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Priest Lake Water Management Project FAQs

  • Preserving lake levels through the main recreation season. This goal supports the local economy and meets current lake level requirements. It also avoids any negative impacts to downstream river flows.
  • Maintaining vessel access through the Thorofare channel between Upper Priest Lake and Priest Lake.

The Priest Lake Water Management Study was initiated by the IWRB to evaluate opportunities for improving operation of the Priest Lake (also known as Lower Priest Lake) and Priest River system. The study includes several action items.

  • Evaluation of alternatives for maintaining required recreational lake levels and maintaining current minimum discharge requirements downstream of the Priest Lake Outlet Dam (60 cfs).
  • Assessing potential structural and operational modifications to the dam.
  • Analyzing options to improve access and navigable conditions for the Priest Lake Thorofare.

Priest Lake is approximately 18 miles long, has a maximum depth greater than 300 feet, and has an active storage capacity of approximately 76,000 acre-feet. It is connected to Upper Priest Lake (which is approximately 3.3 miles long) by a three-mile long channel known as the “Thorofare,” which has long been used by the public for recreation and access to the upper lake. A 1,400-foot-long timber breakwater at the north end of Priest Lake is intended to manage sediment from the upper lake while providing wave and erosion protection to landowners at the north end of Priest Lake.

Priest Lake Outlet Dam was constructed in 1950 to maintain lake levels in Priest Lake and manage downstream flows into Priest River. The current Priest Lake Outlet Dam, which was constructed in 1978, is owned by IDWR and operated by a contractor on behalf of IDWR. The dam is approximately 12 feet high with gates that regulate discharge. It does not have an emergency spillway.

For a printable map and photos of the area, visit the Map & Images page.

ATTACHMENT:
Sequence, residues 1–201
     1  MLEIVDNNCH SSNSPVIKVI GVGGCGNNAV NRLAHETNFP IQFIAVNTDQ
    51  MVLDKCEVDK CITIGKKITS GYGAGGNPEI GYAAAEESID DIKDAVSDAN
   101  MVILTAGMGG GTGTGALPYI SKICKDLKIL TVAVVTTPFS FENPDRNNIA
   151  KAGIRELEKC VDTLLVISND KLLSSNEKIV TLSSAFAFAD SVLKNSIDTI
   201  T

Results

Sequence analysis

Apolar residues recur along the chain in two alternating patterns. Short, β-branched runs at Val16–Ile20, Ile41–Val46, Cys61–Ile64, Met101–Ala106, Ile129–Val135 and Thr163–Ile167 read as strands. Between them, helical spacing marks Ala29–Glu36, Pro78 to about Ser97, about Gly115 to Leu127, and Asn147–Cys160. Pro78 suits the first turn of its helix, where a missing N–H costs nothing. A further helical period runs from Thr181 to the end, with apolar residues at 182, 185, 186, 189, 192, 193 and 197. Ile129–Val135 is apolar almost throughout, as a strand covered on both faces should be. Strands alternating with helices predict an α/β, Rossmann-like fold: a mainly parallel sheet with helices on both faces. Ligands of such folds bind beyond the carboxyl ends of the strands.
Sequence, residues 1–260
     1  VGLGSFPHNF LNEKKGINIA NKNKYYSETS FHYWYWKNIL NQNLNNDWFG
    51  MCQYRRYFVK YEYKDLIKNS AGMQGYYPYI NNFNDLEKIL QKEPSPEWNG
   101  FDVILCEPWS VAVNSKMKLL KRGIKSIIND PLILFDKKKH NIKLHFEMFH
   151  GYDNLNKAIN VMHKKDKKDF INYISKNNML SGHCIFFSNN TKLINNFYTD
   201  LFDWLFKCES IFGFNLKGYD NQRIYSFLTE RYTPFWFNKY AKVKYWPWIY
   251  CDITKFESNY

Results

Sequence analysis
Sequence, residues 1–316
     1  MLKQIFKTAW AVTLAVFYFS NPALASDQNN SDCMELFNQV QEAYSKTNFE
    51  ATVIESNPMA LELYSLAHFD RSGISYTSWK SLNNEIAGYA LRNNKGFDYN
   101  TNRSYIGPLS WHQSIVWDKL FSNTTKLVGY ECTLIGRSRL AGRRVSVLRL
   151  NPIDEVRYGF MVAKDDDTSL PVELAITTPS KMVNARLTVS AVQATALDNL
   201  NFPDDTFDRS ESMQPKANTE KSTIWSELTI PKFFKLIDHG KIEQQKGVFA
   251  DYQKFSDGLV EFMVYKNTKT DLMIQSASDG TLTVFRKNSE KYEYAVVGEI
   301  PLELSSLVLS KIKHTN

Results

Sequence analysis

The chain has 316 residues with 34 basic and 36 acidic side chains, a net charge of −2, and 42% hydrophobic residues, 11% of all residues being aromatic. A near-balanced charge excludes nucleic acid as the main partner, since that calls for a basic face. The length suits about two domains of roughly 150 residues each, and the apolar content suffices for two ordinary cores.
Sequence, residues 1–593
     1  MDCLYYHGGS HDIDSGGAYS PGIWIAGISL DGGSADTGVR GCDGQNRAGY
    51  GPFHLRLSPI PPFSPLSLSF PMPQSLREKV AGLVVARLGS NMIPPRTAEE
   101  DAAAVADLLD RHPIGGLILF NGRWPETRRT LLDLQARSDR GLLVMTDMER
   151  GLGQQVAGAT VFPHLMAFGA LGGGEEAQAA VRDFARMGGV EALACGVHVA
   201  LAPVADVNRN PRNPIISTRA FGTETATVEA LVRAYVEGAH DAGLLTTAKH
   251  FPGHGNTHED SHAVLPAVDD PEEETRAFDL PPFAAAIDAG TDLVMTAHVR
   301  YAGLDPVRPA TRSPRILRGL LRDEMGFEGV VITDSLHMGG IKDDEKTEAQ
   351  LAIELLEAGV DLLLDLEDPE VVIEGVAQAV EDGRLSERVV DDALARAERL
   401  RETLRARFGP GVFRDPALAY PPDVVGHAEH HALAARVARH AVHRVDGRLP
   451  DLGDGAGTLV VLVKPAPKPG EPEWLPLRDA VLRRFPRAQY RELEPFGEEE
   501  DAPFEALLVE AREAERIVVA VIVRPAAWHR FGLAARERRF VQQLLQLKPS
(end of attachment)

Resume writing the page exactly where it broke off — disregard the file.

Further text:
Priest Lake Water Management Study Map

IWRB is committed to meaningful participation by all stakeholders in the decision-making process. Throughout the study (approximately 10 months), you will have ongoing opportunities to respond and comment on any options that might be developed. You are encouraged to visit this project website to learn more information about the project, public information meeting dates, opportunities for public comment, and other ways you can stay informed about the project during the study process. We encourage you to contact the Project Team at any time with your questions and comments.

Upon construction of the Priest Lake Outlet Dam in 1950, the State of Idaho and Northern Lights, Inc., the operator of the dam, executed an operations and maintenance agreement which stipulates that the minimum discharge from the Priest Lake Outlet Dam during the recreation season shall be 60 cfs. Since the execution of the operations and maintenance agreement, IDWR has operated the dam to meet the minimum discharge flow of 60 cfs.

In 1927, Water Right License No. 16642, which was amended to Water Right 97-2020, was issued to the State of Idaho for preservation of said water in lake (Priest Lake) for scenic beauty, health, and recreation purposes necessary and desirable for all inhabitants of the State. The priority date for the water right is January 24, 1927, with a beneficial use designation of “Recreation Storage,” with a storage volume of 800,000 acre-feet. As stated in the original license, the 800,000 acre-feet is needed to maintain the level of Priest Lake not higher than normal high-water stage and not lower than the natural low-water stage at any season of the year.

In accordance with Idaho Code § 70-507, the dam is operated to maintain the lake levels at 3.0 feet on the Priest Lake at Outlet Near Coolin ID gage (USGS No. 12393000) for recreational purposes.

The Priest Lake Water Management Study was initiated by the IWRB to evaluate conceptual alternatives for accomplishing the objectives of the study:

  • Preserving lake levels through the main recreation season. This goal supports the local economy and meets current lake level requirements. It also avoids any negative impacts to downstream river flows.
  • Maintaining vessel access through the Thorofare channel between Upper Priest Lake and Priest Lake.

Upon completion of the study, the IWRB will select a preferred alternative. Once a preferred alternative is selected, a detailed lake operations plan will be developed by IDWR in coordination with the IWRB and stakeholders.

A detailed Lake Operations Plan is outside the scope of the current study. The Priest Lake Water Management Study will evaluate conceptual alternatives. Once a preferred conceptual alternative is selected by the IWRB, a detailed lake operations plan will be developed by IDWR in coordination with the IWRB and stakeholders.

No. Any action on the cold-water-siphon concept would take place after completion of the Priest Lake Water Management Study.

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